The lack of liquidity in funding markets has had a profound effect on delivery of new private sector development. While the effects of the financial crisis have, to date, been felt less acutely in the public sector, it is unlikely that the level of funding available to local authorities will be sustained over the next two to three years. Increases to the national debt and cuts announced in this year's Budget will mean that local authorities will find it more difficult to fund large-scale infrastructure.
Although new funding mechanisms, such as the Community Infrastructure Levy and the Business Rate Supplement, are being introduced in England and Wales, it is not anticipated that these will be sufficient to fund infrastructure in areas where it is most needed. Reports have indicated that as private sector developments slow down, local planning authority revenues from planning applications and planning gain contributions have fallen in the past year by up to £700 million in Scotland alone. The UK national deficit in planning gain investment in infrastructure will be significantly higher.
However delivery of infrastructure remains critical to economic development. As conventional sources of funding dry up, the Government needs to look at alternative ways of generating resources for projects, including infrastructure required to both enable and encourage future development.
Alistair Darling hinted in the Budget at the introduction of Tax Increment Financing (TIF) pilot schemes in the UK. The Scottish Government and Scottish Futures Trust have also expressed some interest in exploring the use of TIFs. The model has been widely used in the US for some time. In the UK, developers have already begun talks aimed at using TIFs to fund projects, and Local Government Minister John Healey has invited local authorities to submit nominations for a TIF pilot scheme to fund regeneration projects. Grosvenor and Hammerson are seeking to use TIFs to progress their respective shopping centre developments in Sussex and South Yorkshire while Transport for London and the Treasury are considering the viability of TIFs to fund the extension of the Northern Line to Battersea Power Station.
Parliamentary and industry interest in the introduction of TIFs is growing. A recent All Party Urban Development Group report called on the government to introduce them as a new model of development funding. The British Property Federation, already in discussions with the government in relation to TIF pilots, support TIFs as a model to maximise the resources availably to developers.
TIFs are a form of local tax re-investment. Under the scheme, anticipated future increases in tax revenues are used to finance the creation of infrastructure to serve the development which will generate those tax revenues. The local authorities will issue development bonds – essentially borrowing to invest in infrastructure to enable development within a specified area. Those borrowings are serviced by greater tax revenues arising from increases in the level of development and rising property values, resulting from the benefits that the new infrastructure brings to the area. As a forward-funding model, the concept is relatively simple.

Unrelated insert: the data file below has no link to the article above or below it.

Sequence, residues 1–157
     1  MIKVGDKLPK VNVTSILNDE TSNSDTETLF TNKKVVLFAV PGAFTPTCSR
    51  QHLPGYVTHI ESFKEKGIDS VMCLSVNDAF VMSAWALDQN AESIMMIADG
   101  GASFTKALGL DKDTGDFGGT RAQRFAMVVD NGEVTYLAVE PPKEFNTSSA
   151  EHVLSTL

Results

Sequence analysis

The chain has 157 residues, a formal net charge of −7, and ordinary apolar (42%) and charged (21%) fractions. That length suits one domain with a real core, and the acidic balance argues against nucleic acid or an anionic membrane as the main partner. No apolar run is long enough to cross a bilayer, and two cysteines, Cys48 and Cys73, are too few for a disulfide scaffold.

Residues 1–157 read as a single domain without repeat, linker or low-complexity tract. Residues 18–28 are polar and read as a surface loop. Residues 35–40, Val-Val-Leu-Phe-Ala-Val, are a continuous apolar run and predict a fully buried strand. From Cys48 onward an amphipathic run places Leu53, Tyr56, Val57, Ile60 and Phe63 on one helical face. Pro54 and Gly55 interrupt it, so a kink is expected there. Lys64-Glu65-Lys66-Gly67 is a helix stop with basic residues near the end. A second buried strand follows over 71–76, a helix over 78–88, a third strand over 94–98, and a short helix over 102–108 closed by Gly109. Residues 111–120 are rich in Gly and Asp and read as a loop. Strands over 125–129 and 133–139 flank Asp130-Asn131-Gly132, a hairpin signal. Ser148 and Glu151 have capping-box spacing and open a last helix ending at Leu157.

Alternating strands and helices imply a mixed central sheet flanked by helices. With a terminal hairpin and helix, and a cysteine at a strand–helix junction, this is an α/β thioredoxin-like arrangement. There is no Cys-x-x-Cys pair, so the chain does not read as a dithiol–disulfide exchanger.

Following the designation of Accelerated Development Zones (ADZs), property taxes within that area are divided into two categories; one based on the original value of the property before the infrastructure or TIF development provision, and the other on the increase in value associated with the development. The former tax stream is allocated in the usual way. The latter is paid to the local authority, where those funds are hypothecated to finance the bonds.
As with any forward funding model, the principal question to be addressed is the allocation of risk. If development bonds are issued and funds obtained on the basis of projected development rates that prove to be overly optimistic a clear structure must be in place for allocating the risk of that income deficit between the local authority and fund provider. That risk structure must balance the cost of public borrowing (both in political and financial terms), against maintenance of the value of bonds to be issued in future TIF schemes.
Legislation conferring tax raising powers on local authorities will be required to operate TIFs. It will need to prescribe the circumstances in which TIFs could be used and either define those areas to be classified as ADZs or confer authority for that decision to be taken at a local level. This represents a real opportunity for the development industry to shape the model to meet the demands of the UK market.
At present, confidence levels in both the public and private sector are low. There is a danger that the current pessimism concerning public sector borrowing could lead local authorities to put this initiative to the bottom of the pile. The reality, however, is that without innovative thinking and bold decisions many important schemes across the country will sit mothballed for many years to come because the private sector is unable to fund the infrastructure necessary to deliver buildings. Developers and Local Authorities are discussing use of TIFs for particular schemes. Swift action from the Government is now needed to put in place the legislation necessary to ensure that talking stops and the building begins.
Ewan MacLeod is a partner specialising in planning and environmental law with leading UK law firm Shepherd and Wedderburn LLP.